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Lifetime Achievement: Tito Puente
By Ed Morales
February 23, 2003
The fact that the late Tito Puente is getting a Lifetime Achievement Award in a year that the Grammys are being held in New York is poetic justice. Being a Latin from Manhattan not only gave Puente an intense drive to succeed - it was an essential element behind his contribution to elevating the music. "Tito Puente almost singlehandedly revolutionized Afro-Cuban music," said percussionist, bandleader and fellow New York Puerto Rican Bobby Sanabria. "He brought his instrument, the timbales, to the forefront, redefining the vocabulary of theinstrument. Before Tito, no one used the technical prowess of a jazz drummer on the timbales."
A native New Yorker born of Puerto Rican parents in 1923 and raised in Spanish Harlem, Puente spent his youth going to see Machito's Afro-Cuban orchestra at the Palladium and Benny Goodman's and Count Basie's big bands at the Paramount Ballroom. After a stint in the Navy in World War II, he went to Juilliard on the GI bill and ultimately became one of the legendary mambo kings of the '50s. "It was one of his most creative periods," said percussionist-bandleader Ray Barretto, who was in Puente's band from 1957 to 1961. "His greatest strength was his charisma and communication with the audience."
But when the mambo era lost steam in the '60s, Puente's "Oye Como Va" was turned into a massive Latin rock hit by Carlos Santana. Puente kept his name in the limelight by collaborating with the great stars of the '70s salsa era, such as La Lupe and Celia Cruz. "I really enjoyed working with Tito," Cruz said. "I had my own way of singing, and even though he would direct me, he always respected my ideas and my space." Puente, whose recording career includes more than 100 albums, extended his longevity by recording with the Concord Jazz label, and never giving up on the showmanship and unstoppable energy that were his trademark.
As the '80s gave way to the '90s, Puente began peforming on major network talk shows and cemented his iconic status when fans of old-school salsa and the great mambo big bands demanded his return to center stage. His collaboration with dance remix star Little Louie Vega on the single "Ran Kan Kan" in 1992 solidified his following among young people. Appearances on "The Cosby Show" and in "The Mambo Kings" movie cast him as a living legend. By the time he died in 2000, he had become Latin music's ultimate icon.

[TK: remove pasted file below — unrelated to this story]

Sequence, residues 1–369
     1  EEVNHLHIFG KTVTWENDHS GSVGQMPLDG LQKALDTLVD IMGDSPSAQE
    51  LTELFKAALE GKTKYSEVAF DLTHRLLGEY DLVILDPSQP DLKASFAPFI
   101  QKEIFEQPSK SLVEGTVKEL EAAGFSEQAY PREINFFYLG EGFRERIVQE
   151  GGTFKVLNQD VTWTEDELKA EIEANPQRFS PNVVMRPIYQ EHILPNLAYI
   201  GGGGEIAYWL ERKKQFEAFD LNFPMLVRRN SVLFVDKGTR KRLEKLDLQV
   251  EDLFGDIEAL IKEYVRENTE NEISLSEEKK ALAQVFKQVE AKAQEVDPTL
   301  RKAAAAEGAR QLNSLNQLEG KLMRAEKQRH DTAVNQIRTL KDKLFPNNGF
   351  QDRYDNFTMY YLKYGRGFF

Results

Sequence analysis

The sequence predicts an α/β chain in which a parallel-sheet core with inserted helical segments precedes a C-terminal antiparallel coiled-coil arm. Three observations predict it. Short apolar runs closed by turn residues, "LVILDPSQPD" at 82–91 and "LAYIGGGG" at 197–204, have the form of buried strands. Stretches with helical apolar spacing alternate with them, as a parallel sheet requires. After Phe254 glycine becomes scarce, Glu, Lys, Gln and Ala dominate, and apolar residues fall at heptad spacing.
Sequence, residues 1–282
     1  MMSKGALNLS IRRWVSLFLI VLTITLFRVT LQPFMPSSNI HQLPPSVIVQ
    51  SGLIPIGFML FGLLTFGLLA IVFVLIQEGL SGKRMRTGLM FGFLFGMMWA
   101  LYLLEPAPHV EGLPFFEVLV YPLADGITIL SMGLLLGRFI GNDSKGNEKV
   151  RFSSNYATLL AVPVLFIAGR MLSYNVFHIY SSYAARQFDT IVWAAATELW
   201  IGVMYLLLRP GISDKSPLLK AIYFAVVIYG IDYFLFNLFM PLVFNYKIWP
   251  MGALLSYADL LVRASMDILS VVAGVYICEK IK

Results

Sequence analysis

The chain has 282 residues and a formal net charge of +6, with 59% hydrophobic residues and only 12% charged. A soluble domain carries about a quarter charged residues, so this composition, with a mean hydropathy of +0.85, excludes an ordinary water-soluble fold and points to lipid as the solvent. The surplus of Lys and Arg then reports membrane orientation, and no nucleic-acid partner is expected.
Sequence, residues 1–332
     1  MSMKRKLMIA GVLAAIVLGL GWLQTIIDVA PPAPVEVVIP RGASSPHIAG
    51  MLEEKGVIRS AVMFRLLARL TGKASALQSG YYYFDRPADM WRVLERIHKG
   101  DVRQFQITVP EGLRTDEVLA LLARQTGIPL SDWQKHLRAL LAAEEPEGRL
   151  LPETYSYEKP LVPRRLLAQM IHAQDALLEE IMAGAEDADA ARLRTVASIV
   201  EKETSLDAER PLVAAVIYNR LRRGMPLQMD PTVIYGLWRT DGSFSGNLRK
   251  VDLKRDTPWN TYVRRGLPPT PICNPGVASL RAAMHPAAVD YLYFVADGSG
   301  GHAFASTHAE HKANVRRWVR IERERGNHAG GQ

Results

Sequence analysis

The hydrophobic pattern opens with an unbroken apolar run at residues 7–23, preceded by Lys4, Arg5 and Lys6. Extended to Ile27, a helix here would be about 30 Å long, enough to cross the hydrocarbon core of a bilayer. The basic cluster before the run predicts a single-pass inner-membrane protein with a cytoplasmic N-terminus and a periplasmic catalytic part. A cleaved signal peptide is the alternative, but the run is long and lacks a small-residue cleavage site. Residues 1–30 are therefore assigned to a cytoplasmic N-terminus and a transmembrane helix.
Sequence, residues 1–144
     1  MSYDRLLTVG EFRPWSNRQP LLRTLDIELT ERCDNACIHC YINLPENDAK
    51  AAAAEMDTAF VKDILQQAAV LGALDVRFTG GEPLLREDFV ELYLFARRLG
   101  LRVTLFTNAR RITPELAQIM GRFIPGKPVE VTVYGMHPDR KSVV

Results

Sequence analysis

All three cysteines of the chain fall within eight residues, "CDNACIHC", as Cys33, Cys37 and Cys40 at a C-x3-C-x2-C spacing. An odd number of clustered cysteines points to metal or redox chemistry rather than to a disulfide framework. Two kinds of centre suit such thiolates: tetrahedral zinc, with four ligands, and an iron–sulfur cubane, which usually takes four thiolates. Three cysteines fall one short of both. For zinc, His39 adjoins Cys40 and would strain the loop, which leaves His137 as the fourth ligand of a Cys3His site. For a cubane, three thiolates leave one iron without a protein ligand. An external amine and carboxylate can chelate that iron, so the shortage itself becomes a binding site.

"He always played with the same fire and passion," Cruz said. "Thanks to him, our music has been recognized internationally."
ESSENTIAL TITO PUENTE
Top Percussion (1957). Released after several mambo and cha-cha records in the early '50s, this recording captures Puente's interest in Afro-Yoruban ritual music and features percussionists Willie Bobo and Mongo Santamaria.
Dance Mania (1958). Captures the peak of Puente's dance-band style, with a favorite vocalist, Santos Colon, and early work by congero Ray Barretto.
T.P. & La Lupe: La Pareja (1978). While I've always admired 1966's "Cuba y Puerto Rico Son," with Celia Cruz, this classic with La Lupe is an unforgettable tribute to their tempestuous recording relationship.
Royal T (1993). My favorite of the Concord Jazz recordings, with versions of Charlie Parker's "Donna Lee" and Chick Webb's "Stompin' at the Savoy." Also featuring the underappreciated Mario Rivera on saxophone.
The Complete RCA Recordings volumes 1 and 2: Released posthumously in 2000 and 2001, these are essential anthologies featuring 209 tracks of Puente's most innovative years, from 1949 to 1960.